6.30am, Sunday 9th May, I got out of bed and looked around, taking in the peace of watching my family members fast asleep. They would not be awake anytime soon, unlike during weekdays where my children will be glued to their laptops from as early as 7.30am for their Home-Based Learning.
I decided to use my morning quiet time to do something I'd never done before - hand-make my favourite pasta - orecchiette (little ears). It's exciting yet a little scary at the same time, knowing I had to get it ready for lunch. With 300g of Semola Rimacinata (De Cecco brand) and approximately half the amount of tepid water, I kneaded the dough, rested it for 30minutes, and started to press my first orecchiette with a butter knife. A few 'little ears' later, I was gaining confidence, as both the dough and the resultant pasta looked 'passable'.
My kids then appeared beside me at the dining table. Timely actually, as the final move of flipping the pressed dough inside-out over my finger was slowing me down, so I delegated this job to them. Together, with just a butter knife (which would not even be required had I decided to make Strascinati), we made enough pasta to feed a family of 4. It took a while, but we managed to finish before 9am, in time for a late Sunday breakfast.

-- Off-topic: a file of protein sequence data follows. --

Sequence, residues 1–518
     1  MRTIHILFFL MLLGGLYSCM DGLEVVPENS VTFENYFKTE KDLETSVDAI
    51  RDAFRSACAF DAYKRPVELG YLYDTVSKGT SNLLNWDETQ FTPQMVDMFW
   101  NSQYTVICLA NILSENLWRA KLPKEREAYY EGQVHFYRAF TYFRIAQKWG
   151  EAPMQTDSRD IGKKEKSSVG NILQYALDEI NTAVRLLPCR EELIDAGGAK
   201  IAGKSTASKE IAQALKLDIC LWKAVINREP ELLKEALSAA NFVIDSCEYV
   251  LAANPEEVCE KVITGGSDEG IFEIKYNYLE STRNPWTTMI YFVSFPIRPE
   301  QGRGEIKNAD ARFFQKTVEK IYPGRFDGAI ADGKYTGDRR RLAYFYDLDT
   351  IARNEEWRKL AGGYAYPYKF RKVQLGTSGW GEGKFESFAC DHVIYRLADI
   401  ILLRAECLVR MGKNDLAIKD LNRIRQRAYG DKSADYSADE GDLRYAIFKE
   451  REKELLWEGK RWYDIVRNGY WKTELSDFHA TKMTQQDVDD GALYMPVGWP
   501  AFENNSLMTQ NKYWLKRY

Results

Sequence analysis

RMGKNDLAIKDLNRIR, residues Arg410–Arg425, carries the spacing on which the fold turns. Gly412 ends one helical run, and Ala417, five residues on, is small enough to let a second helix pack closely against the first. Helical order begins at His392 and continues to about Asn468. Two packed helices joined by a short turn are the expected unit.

The sauce to go with it was equally straightforward. I opened a can of Fiamma cherry tomatoes, a can of Mutti tomato paste, a can of anchovies and some leftover olives and capers in the fridge, plus the only fresh ingredient - sliced garlic, to put together (you should know by now), some Puttanesca sauce.
Look, I didn't have a pasta machine. Heck, I didn't even use a rolling pin. Even if I had NO eggs at home, I would still have pushed out this dish. It was really back to basics. Yet, how many restaurants can cross their hearts and say they serve dishes made the way they were supposed to be? I am all for efficiency, consistency and creativity. I enjoy all sorts of delicious food, but why has traditional "back to basics" cooking become the minority? Anyway, that's a debate for another day.
With this spirit, I pushed on for the rest of the day.
I turned tiny, tart, borderline-inedible local plums into unexpectedly-delicious jam using just brown sugar and a pinch of salt, and cured some egg yolks with sugar, fish sauce and vinegar. So much can be done with so little, as long as you believe you can and bother to give it a go.
I hope all of us will walk out of this better prepared for future crises, equipped with closer bonds with the people who mean the most to you and a deeper appreciation for simple things in life.
|Meanwhile, happy Mother's Day to the evergreen beauty of the house!|